Detailed research from independent Canadian group CitizenLab has revealed for the first time how WeChat, the Chinese version of Twitter, routinely censors content for international users.
It has also revealed how it uses this data to refine censorship controls for users inside Communist China too.
The research, entitled ‘We Chat, They Watch’ is the most complete account to date of how Chinese tech companies apply the censorship and surveillance demands of the Communist regime outside national boundaries.
What has Citizen Lab’s research revealed?
On three separate days at the end of 2019, long before the coronavirus pandemic which is currently crippling the world escaped from China, Citizen Lab ran a series of tests for document and image file surveillance on the WeChat app.
For each test, it transmitted novel, sensitive documents or images which had never previously been communicated over the platform. By monitoring how WeChat dealt with these, it was able to reach some startling conclusions about its censorship habits.
This research provides the first clear evidence that WeChat is able to censor images in real-time.
Of the total of 60 images sent, 49 were censored in real-time when they only sent them directly to Chinese accounts.
However, if the images were sent from a non-China-registered account to other non-China-registered accounts beforehand, and then sent to a China-register account later, all 60 images were censored in real-time.
Citizen Lab also ran what is known as a “collision side-channel test”. They generated 20 novel, sensitive images with the same MD5 hashes as 20 non-sensitive images. These were sent to non-Chinese group chat first and then Chinese group chat one minute later.
The study then counted how many images were not received by the Chinese-registered accounts. The result was that all 20 images were censored whereas, in the control test, none were.
Censorship of documents
To test WeChat’s document censorship, Citizen Lab ran what is known as a hash retention test.
This involved sending a novel, sensitive document to a non-China WeChat group and then immediately recalling the document. An hour later, the same document was then sent to a Chinese group.
In all five tests, the document was not received by the China-registered WeChat account. This shows that recalling the document did not remove the hash from the file index and WeChat was able to censor this content from Chinese users in real-time.
It proves that recalling files on WeChat does not remove at least some metadata relating to that document from WeChat’s system, although researchers admit they are unable to determine whether this metadata could be linked to individual accounts.
But there is clear evidence that it is then used to feed WeChat’s censorship system for users inside China.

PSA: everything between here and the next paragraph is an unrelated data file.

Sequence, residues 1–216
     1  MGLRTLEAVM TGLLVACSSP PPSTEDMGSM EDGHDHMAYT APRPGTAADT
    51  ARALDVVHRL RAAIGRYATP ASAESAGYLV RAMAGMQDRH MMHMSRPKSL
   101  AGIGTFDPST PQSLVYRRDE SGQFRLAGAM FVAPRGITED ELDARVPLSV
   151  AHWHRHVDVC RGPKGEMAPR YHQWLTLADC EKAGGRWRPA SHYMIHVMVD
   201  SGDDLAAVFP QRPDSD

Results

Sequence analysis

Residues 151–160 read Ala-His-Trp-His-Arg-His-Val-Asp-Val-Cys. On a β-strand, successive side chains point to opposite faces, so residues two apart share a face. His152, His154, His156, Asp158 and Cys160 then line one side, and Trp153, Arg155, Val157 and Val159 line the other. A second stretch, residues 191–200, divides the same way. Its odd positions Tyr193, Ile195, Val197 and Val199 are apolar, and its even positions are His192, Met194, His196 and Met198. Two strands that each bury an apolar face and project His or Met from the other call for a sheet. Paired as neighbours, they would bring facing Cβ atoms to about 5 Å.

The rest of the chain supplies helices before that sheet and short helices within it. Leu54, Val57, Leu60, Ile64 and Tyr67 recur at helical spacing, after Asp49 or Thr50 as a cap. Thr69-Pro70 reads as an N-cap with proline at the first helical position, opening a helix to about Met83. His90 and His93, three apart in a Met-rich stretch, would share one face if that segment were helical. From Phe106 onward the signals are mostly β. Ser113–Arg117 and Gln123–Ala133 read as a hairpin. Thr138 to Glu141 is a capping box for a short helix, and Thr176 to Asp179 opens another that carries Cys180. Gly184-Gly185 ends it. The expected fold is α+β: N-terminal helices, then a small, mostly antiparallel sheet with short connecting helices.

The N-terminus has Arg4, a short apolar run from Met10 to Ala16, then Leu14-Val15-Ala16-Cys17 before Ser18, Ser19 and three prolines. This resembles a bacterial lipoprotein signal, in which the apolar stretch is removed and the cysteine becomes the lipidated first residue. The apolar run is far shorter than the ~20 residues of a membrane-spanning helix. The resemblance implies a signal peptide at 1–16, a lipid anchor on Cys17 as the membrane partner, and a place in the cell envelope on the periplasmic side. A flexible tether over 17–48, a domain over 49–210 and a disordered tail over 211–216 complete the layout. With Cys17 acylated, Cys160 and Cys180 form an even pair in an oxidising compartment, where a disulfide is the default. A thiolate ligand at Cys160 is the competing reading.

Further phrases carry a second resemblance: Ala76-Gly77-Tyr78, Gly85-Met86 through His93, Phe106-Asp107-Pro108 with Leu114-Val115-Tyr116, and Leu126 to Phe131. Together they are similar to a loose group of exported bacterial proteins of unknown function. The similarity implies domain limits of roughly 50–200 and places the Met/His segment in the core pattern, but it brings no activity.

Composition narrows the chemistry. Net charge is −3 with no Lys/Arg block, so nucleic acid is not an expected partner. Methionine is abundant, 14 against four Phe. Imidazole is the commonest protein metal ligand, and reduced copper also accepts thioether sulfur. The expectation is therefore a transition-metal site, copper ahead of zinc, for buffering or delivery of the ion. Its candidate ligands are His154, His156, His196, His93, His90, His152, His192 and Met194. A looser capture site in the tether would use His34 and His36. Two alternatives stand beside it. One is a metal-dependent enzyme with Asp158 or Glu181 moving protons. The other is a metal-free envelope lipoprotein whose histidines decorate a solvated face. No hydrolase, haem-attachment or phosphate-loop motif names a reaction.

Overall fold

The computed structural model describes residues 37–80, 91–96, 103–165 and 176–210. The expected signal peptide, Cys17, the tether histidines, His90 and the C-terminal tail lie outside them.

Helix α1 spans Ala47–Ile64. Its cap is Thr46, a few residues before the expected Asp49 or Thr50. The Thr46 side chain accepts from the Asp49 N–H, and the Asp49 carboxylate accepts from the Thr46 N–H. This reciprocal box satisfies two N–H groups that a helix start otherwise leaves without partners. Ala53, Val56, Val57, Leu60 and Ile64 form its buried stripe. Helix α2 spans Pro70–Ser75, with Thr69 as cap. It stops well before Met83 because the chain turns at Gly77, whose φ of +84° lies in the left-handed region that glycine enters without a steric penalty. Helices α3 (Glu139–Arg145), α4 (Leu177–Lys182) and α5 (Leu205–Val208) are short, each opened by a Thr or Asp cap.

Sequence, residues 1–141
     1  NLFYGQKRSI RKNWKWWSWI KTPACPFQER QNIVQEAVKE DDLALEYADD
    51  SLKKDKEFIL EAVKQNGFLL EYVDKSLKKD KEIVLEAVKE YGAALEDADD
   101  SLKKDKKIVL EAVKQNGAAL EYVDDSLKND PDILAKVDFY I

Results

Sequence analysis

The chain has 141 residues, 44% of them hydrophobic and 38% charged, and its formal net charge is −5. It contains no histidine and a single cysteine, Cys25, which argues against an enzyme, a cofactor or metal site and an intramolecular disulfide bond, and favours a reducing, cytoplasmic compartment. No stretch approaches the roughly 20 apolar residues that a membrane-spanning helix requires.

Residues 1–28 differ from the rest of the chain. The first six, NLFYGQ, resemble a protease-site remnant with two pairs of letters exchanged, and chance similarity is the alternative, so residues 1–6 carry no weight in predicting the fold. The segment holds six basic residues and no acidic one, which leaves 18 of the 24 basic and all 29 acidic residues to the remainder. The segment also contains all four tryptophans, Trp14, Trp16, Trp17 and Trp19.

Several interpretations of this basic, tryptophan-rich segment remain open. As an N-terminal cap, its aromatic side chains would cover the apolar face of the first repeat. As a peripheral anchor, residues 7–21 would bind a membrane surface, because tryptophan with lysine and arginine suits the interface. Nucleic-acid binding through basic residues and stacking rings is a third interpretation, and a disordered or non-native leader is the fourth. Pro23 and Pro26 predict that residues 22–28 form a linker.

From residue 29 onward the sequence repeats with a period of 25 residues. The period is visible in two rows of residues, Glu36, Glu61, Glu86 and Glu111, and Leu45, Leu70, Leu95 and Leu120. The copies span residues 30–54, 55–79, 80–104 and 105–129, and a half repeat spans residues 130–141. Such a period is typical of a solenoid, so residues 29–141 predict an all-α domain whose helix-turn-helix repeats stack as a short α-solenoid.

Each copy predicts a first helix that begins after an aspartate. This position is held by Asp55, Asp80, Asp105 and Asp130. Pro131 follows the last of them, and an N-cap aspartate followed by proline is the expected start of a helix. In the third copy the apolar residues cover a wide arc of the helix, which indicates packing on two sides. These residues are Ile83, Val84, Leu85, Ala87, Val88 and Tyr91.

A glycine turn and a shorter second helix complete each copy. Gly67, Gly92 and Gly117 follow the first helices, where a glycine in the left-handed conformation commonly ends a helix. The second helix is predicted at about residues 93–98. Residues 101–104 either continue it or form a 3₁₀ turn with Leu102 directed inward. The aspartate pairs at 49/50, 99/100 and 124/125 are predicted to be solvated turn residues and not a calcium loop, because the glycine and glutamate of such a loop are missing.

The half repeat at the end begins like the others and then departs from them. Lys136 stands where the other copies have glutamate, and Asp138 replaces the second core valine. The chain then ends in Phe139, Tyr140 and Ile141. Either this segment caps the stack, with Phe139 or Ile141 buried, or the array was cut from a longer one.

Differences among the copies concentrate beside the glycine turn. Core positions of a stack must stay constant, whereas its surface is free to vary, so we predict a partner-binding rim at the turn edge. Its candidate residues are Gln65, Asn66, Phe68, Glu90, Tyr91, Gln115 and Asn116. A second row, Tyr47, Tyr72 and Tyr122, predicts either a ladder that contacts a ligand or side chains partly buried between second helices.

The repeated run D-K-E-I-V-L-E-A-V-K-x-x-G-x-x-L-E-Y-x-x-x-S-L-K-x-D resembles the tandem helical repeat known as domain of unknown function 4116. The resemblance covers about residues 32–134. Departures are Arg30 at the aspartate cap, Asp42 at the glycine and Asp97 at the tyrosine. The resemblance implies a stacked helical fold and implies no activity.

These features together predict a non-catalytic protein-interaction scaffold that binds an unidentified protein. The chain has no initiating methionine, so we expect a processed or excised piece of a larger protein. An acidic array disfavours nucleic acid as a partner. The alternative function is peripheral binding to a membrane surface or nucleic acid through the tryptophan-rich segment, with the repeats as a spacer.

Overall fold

What the Citizen Lab research tells us about WeChat
This research gives us a ground-breaking understanding of how WeChat censors and surveils its users.
It proves that even if you are using WeChat outside Communist China and only communicating with other non-Chinese users, everything you do on the platform is subject to surveillance.
While it was well-known that WeChat applies the censorship and surveillance laws of the Chinese Communist regime inside the country, this is the first categorical proof that they are being deployed outside China’s borders too.
Citizen Lab’s report shows clearly that non-Chinese accounts are also subjected to CCP censorship, even when communicating with other non-Chinese users.
No matter where you use WeChat, the Chinese regime is watching what you are doing on the platform and censoring anything it doesn’t like. For images, this is done in real-time.
But there is more. The research also shows beyond any reasonable doubt that not only are non-Chinese users being surveilled, but the images and documents they send are being used by WeChat to beef up censorship for domestic users too.
In other words, by using WeChat overseas, you are inadvertently helping WeChat and those within the CCP that control it to censor users inside China and by doing so undermine their basic human rights.
Tencent’s laughable response
In response to coverage of the Citizen Lab report, Tencent (the company behind WeChat) issued a statement which was almost incredulous.
It told ZDNet that it “takes the report seriously.” But it then went on to say, “all content shared among international users of WeChat is private” before adding “user privacy and data security are core values at Tencent, and we look forward to continuing to sustain user trust and delivering great user experiences.”
It is clear from this statement that Tencent takes its international WeChat users for fools. The idea that anything transmitted on WeChat is private has been completely blown out of the water by this report and Tencent has offered no evidence to the contrary.
It also said in its statements that it complied with the law in each country it operated in. Given that Tencent only really operates in Communist China, this is the one bit that might actually be true.
Companies in China are required by law to comply with any demands the CCP makes over censorship and surveillance of online data both inside and outside China. It is clear that Tencent’s WeChat platform follows this law to the letter.
Our strong advice to all users is not to use WeChat or any online software that originates in Communist China.
If you have already downloaded WeChat, delete it from your devices immediately. That is, unless you are keen to help WeChat and Tencent suppress human rights and censors free speech inside Communist China.